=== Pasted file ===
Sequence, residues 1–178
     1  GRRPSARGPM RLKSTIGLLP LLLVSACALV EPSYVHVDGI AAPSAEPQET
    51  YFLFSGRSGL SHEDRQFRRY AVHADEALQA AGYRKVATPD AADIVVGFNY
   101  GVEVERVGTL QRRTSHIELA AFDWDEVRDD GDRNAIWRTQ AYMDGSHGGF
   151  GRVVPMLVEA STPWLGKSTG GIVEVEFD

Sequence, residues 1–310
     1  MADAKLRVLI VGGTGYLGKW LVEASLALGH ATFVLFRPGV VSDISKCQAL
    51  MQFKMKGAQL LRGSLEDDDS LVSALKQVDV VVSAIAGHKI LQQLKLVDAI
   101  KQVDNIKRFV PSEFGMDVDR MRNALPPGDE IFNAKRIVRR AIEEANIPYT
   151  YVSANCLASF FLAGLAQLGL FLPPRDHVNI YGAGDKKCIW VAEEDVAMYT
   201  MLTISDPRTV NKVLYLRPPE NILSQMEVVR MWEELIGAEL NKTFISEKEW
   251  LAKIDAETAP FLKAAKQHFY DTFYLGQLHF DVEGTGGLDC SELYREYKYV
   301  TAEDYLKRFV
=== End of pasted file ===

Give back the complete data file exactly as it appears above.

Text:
Sequence, residues 1–178
     1  GRRPSARGPM RLKSTIGLLP LLLVSACALV EPSYVHVDGI AAPSAEPQET
    51  YFLFSGRSGL SHEDRQFRRY AVHADEALQA AGYRKVATPD AADIVVGFNY
   101  GVEVERVGTL QRRTSHIELA AFDWDEVRDD GDRNAIWRTQ AYMDGSHGGF
   151  GRVVPMLVEA STPWLGKSTG GIVEVEFD

Sequence, residues 1–310
     1  MADAKLRVLI VGGTGYLGKW LVEASLALGH ATFVLFRPGV VSDISKCQAL
    51  MQFKMKGAQL LRGSLEDDDS LVSALKQVDV VVSAIAGHKI LQQLKLVDAI
   101  KQVDNIKRFV PSEFGMDVDR MRNALPPGDE IFNAKRIVRR AIEEANIPYT
   151  YVSANCLASF FLAGLAQLGL FLPPRDHVNI YGAGDKKCIW VAEEDVAMYT
   201  MLTISDPRTV NKVLYLRPPE NILSQMEVVR MWEELIGAEL NKTFISEKEW
   251  LAKIDAETAP FLKAAKQHFY DTFYLGQLHF DVEGTGGLDC SELYREYKYV
   301  TAEDYLKRFV